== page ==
Contrary to the passive connotation to the word ‘vegetate’, vegetables are packed with a large variety of active ingredients that make them anticancer warriors. In my previous posts we discussed how 90 to 95% of cancers are not hereditary and how we are surrounded by hidden carcinogens in our day to day lives. In this post, we will see how our eating habits can affect our odds of getting cancer and how we can mitigate that risk.
Cancer Prevention and Eating Patterns:
The 2020 American Cancer Society Guideline on Diet and Physical Activity for Cancer Prevention include the following recommendations on eating patterns (1):
A healthy eating pattern
Foods that are high in nutrients in amounts that help achieve and maintain a healthy body weight.
As discussed previously, being overweight or obese increases the risk of at least 13 different cancers and is responsible for 11 to 20% of cancer related deaths. Maintaining a healthy body weight by eating right can therefore prevent the development of cancer. Healthy body weight ranges between a body mass index (BMI) of 18.5 and 24.5 kg/m2 which can be calculated by dividing your weight in kilograms by the square of your height in meters….or just simply click here :)
A variety of vegetables—dark green, red, and orange, fiber-rich legumes (beans and peas), and others.
Fruits, especially whole fruits with a variety of colors
Vegetables and legumes are a great source of vitamins, minerals, fiber, and biologically useful chemicals (carotenoids, flavonoids, etc) that prevent cancer. In addition, cruciferous vegetables are a special group that are rich in glucosinolates (the stuff that makes them taste pungent/bitter). These compounds have the ability to prevent cancer by limiting damage to our cells and even by inactivating carcinogens that surround us. Cruciferous vegetables include arugula, broccoli, bok choy, brussel sprouts, cabbage, cauliflower, horseradish, kale, radish, turnip, watercress, wasabi… Colors in fruits and vegetables are due to the presence of phytochemicals (chemicals found in plants that are protective). For example, the role of curcumin in turmeric (haldi) in cancer prevention and treatment has been researched extensively with recent studies suggesting its use as a part of chemotherapy (2). Some other examples of phytochemicals include:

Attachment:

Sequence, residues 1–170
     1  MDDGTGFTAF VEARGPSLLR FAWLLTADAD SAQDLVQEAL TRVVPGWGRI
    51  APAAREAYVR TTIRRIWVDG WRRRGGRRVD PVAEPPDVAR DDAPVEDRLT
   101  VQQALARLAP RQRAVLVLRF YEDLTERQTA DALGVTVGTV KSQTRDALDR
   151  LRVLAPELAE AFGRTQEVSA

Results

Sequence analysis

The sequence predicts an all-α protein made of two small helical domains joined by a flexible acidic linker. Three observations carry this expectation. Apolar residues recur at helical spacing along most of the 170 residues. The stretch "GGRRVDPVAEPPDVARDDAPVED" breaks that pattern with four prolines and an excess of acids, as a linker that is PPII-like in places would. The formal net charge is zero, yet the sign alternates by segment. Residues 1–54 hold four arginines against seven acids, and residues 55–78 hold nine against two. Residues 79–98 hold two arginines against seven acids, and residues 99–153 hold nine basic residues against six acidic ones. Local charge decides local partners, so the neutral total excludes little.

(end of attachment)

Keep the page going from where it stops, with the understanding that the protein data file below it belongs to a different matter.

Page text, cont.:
Approximately 2.5 to 3 cups of vegetables and 1.5 to 2 cups of fruits per day are recommended as a cancer prevention dose.
According to the Whole Grains Council “Whole grains or foods made from them contain all the essential parts and naturally-occurring nutrients of the entire grain seed in their original proportions. If the grain has been processed (e.g., cracked, crushed, rolled, extruded, and/or cooked), the food product should deliver the same rich balance of nutrients that are found in the original grain seed.” (3)
Amaranth, barley, oats, wheat, millets, rye, sorghum, wild and brown rice, quinoa, corn, etc. are just some examples of whole grains….leaving no reason to include refined flour in one’s diet!
A healthy eating pattern
LIMITS OR DOES NOT INCLUDE
In addition to sodas, beware of fruit juices that camouflage their sugar content through vitamin C advertisements in large fonts! Eat your oranges instead and get some fiber along with that vitamin C.
Highly processed foods and refined grain products
Why have these when we have so much to choose from!
Include: A variety of colorful vegetables and fruits in your daily regimen in the form of a rainbow colored plate along with whole grain foods to not only protect you against cancer but also slow down tumor growth if you have already been diagnosed with cancer.
Exclude: Foods that are processed, refined or sugar-sweetened.
It’s that simple!
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Rock CL, Thomson C, Gansler T, Gapstur SM, McCullough ML, Patel AV, Andrews KS, Bandera EV, Spees CK, Robien K, Hartman S, Sullivan K, Grant BL, Hamilton KK, Kushi LH, Caan BJ, Kibbe D, Black JD, Wiedt TL, McMahon C, Sloan K, Doyle C. American Cancer Society guideline for diet and physical activity for cancer prevention. CA Cancer J Clin. 2020 Jul;70(4):245-271. doi: 10.3322/caac.21591. Epub 2020 Jun 9. PMID: 32515498.
Giordano A, Tommonaro G. Curcumin and Cancer. Nutrients. 2019 Oct 5;11(10):2376. doi: 10.3390/nu11102376. PMID: 31590362; PMCID: PMC6835707.
Definition of a Whole Grain, The Whole Grains Council. Available from https://wholegrainscouncil.org/definition-whole-grain, September 2022.